Interviews are rarely fun for both sides of the table. For candidates, there is pressure to perform, the balancing act between doing and saying the right thing and being themselves enough to give the recruiter or team leader a real sense of what they will bring to the team. And for recruiters and managers, it means taking time out from their other responsibilities, matching resumes with actual candidates and getting a feel for who fits in which role—if anyone. Artificial intelligence (AI) has been used in recruiting for some time, typically as a first-stage filter on potentially hundreds of CVs — though it has had a very checkered history, which has included the imposition of some sort of “digital bigotry” or “digital misogyny’.’ But both AI and virtual reality could play an increasing role in ensuring your business gets the staff it needs in a hiring process that has a chance to level the playing field and dispel some ingrained prejudices.
An uncomfortable truth
What ingrained prejudices?
We’re sorry to tell you this white people, but you are inherently more racist than you think. Don’t take our word for it, though—research by Katherine DeCelles and colleagues at Harvard Business School proved that ethnic minority candidates nearly passed twice so many interviews if they just “know” their names. And that was before they walked through the door.
There is also a built-in misogyny in the hiring process — not to mention the data showing that men typically apply to jobs for which they only meet 60% of the job requirements, while women typically only apply to jobs they feel comfortable with have that they do 100% fit the role profile, there is an unfortunate likelihood that recruiting managers (male, at least) will unknowingly tend to hire a man who presents himself as a man when one of a range of equally qualified candidates is available of opposite sexes and genders.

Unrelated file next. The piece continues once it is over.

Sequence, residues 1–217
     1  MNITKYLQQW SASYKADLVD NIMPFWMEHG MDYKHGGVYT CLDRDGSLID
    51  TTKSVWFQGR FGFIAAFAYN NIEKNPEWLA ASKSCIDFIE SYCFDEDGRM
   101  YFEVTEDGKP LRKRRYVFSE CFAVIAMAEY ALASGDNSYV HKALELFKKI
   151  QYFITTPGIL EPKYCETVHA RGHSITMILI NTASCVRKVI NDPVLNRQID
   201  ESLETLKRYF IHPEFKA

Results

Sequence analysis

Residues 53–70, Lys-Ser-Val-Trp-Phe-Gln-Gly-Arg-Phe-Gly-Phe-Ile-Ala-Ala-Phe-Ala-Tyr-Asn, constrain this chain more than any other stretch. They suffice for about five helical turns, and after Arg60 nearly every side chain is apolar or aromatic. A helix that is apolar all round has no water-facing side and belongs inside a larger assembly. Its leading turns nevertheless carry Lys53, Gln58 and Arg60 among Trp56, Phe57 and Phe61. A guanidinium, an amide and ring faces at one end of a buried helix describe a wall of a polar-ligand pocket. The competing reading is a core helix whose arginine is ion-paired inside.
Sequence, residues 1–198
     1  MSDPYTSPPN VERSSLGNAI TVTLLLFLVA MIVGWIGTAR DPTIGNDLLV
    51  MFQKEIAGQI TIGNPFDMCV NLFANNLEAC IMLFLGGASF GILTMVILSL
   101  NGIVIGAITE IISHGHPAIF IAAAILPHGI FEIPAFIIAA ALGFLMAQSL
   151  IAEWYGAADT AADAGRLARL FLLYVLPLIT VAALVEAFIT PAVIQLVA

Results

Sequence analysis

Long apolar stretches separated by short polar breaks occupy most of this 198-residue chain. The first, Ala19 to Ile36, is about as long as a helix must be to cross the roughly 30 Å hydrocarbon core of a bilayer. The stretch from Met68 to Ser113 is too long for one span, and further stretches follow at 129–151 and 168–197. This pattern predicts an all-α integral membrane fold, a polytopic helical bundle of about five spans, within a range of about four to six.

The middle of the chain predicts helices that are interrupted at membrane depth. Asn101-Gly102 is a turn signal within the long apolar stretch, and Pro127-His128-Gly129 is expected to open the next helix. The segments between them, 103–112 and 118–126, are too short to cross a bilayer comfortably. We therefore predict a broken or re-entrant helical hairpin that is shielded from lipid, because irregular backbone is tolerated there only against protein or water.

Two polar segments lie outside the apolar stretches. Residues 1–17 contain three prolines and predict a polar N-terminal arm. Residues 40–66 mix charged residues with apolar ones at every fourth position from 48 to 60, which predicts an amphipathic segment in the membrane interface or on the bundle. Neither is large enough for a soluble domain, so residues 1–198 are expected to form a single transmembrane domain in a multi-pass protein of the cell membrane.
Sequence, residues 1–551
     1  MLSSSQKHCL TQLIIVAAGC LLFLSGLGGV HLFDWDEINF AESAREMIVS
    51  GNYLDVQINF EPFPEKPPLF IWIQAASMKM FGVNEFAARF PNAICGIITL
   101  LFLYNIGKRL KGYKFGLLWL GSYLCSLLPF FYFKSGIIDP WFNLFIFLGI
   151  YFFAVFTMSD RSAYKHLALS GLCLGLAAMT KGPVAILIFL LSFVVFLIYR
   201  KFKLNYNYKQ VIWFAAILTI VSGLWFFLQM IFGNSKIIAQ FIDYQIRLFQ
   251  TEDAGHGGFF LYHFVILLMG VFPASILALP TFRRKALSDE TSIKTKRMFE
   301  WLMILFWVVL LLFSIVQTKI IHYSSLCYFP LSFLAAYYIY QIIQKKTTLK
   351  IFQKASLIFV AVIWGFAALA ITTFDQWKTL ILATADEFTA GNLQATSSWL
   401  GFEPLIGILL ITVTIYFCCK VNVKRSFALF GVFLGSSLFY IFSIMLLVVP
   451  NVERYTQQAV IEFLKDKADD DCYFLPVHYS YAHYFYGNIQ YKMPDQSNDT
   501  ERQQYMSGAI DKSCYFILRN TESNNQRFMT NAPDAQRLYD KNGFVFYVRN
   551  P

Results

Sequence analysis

All of this in an unfortunate holdover of the nature of western society, which is essentially a pyramid of trapdoors, with rich, white, cis, male presenting, straight, able-bodied, conventionally attractive people at the top and everyone who is different to some extent from this combination moving down the pyramid, a trapdoor for each point of difference. The more we learn, the more trapdoors we uncover, including one for people with neurodivergence and one for (particularly) women having children (which reinforces the societal misogyny behind the notion that women “should” be under “normal” circumstances .the primary caregivers in a family and therefore may not be able to fully concentrate on their work).
Even though we may not be intentionally Bias against anyone in the world, much of our Western paradigm of making decisions about people has been shaped by this pyramid, resulting in an ongoing bias towards candidates from ethnic minorities, women, people with disabilities or neurodivergence and others who have at least one trapdoor against them.
The misogynist AI
As said, AI was originally intended to be a way to remove this learned bigotry – machines don’t have emotions, after all, and so shouldn’t be able to learn derogatory impressions from one group or another. Unfortunately, the neutrality of AI depends on two things – the mindset and understanding of its programmers and the data set from which it begins its learning process.